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Old 02-17-2012, 01:34 PM   #1
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Snails Question

I have a 75g reef tank, Have a small algae issue, I am intrested in purchasing snails to take care of this problem. How many snails should i get and of what type? im thinking of 150 snails, is this overkill? will they over breed? I currently have a Yellow Tang, 6 line wrasse, 2 chromis, lawn mower blenny. Thank You

"When you're down by the sea and an eel bites your knee... That's a Moray"
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Old 02-17-2012, 01:40 PM   #2
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Doesn't your lawnmower eat the algae?
and yeah, 150 snails would be way way overkill. lol

I'd be looking in the neighborhood of 50 tops, 30 would be a good number too.

180g Reef - 60g Rimless Reef -90G FOWLR- 125g Malawi Cichlids- 40b REEF- 34g Fresh Planted-working on- 20L FOWLR- working on
I have a mix of many different saltwater fish amongst my tanks, but I love my Tangs most of all.
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Old 02-17-2012, 01:53 PM   #3
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You may want to contact our Sponsors about a clean up crew package. John Maloney at ReefCleaners, or Reef2Go would be a good place to start.

Astrea Snail-most common of all saltwater tank snails. They are excellent algae eaters and will forage all over the rock, sand, and glass. They fall very easily and can not right themselves up and then die unless you right them.

Banded Trochus Snail - Large snails that are excellent algae eaters although are very slow about it. Have a hard time picking themselves up if stranded in the middle of the sand.

Bumblebee snails- Not very hardy. Marginal algae eaters, but more of a detritus grazer. They can prey on other snails and sand bed critters.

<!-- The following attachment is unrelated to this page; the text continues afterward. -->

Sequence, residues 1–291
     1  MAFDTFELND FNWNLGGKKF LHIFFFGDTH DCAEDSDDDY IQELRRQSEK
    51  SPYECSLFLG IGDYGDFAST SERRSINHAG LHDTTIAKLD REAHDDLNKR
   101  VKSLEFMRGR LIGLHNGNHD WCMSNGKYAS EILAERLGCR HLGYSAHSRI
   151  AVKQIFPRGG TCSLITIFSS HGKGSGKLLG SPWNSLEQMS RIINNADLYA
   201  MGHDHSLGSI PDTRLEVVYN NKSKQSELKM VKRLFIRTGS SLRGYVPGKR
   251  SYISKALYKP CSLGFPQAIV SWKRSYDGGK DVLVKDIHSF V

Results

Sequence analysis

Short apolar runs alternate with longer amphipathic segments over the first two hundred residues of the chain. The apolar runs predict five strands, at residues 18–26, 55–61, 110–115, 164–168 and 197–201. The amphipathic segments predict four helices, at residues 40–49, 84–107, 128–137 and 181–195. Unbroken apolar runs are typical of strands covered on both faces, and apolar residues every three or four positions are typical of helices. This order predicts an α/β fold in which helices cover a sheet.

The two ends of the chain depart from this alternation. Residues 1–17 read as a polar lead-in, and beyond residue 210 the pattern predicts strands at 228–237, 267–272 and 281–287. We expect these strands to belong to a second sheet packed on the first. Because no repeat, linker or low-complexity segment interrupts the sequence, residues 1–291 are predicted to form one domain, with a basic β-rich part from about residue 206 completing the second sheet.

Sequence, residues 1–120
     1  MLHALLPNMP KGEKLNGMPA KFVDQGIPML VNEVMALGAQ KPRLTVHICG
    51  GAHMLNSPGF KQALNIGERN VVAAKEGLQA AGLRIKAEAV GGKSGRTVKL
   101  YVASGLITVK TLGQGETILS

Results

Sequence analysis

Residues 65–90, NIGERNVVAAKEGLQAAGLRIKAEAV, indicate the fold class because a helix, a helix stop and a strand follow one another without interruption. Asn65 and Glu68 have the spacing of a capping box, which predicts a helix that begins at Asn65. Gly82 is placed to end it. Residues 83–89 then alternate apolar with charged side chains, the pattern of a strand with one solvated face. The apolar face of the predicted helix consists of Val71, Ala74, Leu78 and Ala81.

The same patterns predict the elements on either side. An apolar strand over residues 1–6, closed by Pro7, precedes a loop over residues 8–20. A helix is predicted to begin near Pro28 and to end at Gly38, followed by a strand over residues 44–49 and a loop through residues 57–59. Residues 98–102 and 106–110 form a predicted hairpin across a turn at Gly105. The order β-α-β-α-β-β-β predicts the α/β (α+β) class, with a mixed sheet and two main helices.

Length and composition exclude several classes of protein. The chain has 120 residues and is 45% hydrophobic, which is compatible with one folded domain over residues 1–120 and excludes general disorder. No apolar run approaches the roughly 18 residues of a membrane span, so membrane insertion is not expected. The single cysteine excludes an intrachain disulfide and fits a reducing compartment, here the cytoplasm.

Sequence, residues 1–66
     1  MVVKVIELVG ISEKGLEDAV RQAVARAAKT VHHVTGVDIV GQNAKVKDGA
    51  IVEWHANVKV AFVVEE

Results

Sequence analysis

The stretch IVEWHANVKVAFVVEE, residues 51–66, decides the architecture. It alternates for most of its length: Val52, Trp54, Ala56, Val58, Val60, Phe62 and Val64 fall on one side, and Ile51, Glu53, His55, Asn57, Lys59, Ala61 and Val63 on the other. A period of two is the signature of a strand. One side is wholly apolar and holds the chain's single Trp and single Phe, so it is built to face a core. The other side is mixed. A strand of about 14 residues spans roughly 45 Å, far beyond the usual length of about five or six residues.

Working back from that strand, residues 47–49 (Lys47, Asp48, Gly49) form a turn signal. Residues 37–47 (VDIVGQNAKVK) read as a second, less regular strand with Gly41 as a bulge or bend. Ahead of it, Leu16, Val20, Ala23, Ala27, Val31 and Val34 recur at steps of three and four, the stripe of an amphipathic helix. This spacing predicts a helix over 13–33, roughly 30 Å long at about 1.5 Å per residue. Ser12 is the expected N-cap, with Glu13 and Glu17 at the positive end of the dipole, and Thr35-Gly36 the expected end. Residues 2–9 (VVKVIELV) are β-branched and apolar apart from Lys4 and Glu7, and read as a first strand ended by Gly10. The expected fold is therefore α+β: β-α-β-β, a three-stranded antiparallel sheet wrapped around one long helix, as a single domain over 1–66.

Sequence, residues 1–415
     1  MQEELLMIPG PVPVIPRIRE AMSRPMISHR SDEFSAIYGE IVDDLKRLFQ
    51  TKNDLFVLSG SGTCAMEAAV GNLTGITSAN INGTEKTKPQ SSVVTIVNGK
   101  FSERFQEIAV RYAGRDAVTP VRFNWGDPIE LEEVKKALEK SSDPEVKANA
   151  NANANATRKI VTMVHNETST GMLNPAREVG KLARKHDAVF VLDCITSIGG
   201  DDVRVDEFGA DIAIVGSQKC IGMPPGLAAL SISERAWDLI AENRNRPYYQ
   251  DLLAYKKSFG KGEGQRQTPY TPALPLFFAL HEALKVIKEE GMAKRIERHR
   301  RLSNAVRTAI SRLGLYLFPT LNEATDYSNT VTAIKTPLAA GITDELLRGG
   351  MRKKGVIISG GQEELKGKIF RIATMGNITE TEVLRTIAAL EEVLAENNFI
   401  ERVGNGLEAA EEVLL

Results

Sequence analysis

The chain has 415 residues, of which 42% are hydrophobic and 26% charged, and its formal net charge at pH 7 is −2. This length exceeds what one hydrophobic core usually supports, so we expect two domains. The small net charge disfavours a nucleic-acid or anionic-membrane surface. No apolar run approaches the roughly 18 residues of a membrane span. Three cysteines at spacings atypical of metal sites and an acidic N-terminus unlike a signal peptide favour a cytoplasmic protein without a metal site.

Cerith Snails (Cortez) - Good algae and detritus eaters that forage rock, glass, and sand. Some can pick themselves up and some cant.
Cerith Snails (White)- Good algae and detritus eaters that seem to stay in the sand more than the cortez, but can be found on the rock and glass. They are good sand bed snails to shift the substrate around.

Conch Snails - These are all about the sand bed and are very cool to watch. They usually dont get flipped over, but if they do, they can kick around and turn themselves back upright. They very hardy too.

Mexican Turbo Snails - super fast grazer that will knock out some algae in no time. They mostly stay on rocks and glass, but will work the top of the sandbed too. These may be cold water snails that dont do so well in a reef. But, once they are adjusted... they seem to be very hardy and active. Mine are going on two years and are huge now. I originally got them for a hair algae problem. They do tend to knock over anything that is not glued in place (corals, clams, rocks, etc.)

Nassarius Snails - They mostly stay in the sand, but will sometimes make short trips up the glass. They are mainly detritus eaters and do an excellent job cleaning and shifting the sand. I think these are also some of the most hardy snails out there. These guys can flip themselves upright very easily and quickly. They are fun to watch as they come bursting out of the sand bed at feeding time.

Nerite Snails - Nerites feed on filamentous and film-forming cyanobacteria, and filamentous green algae, but the main diet of most nerites is diatoms. These guys like to crawl out of the water some. These are great snails, but also have trouble turning themselves back over. Mine usually end up in the sump where they can get above the water line and come back down when they want to.

Stomatella Snails - They are supposed to reproduce very well. No personal experience w/ them.

Strombus Snails (Strombus maculatus) these are excellent snails that reproduce very well. They seem to be mostly sandbed snails and will occasionally make there way up to about the 1-3 inch line of rock work.
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snail, snails

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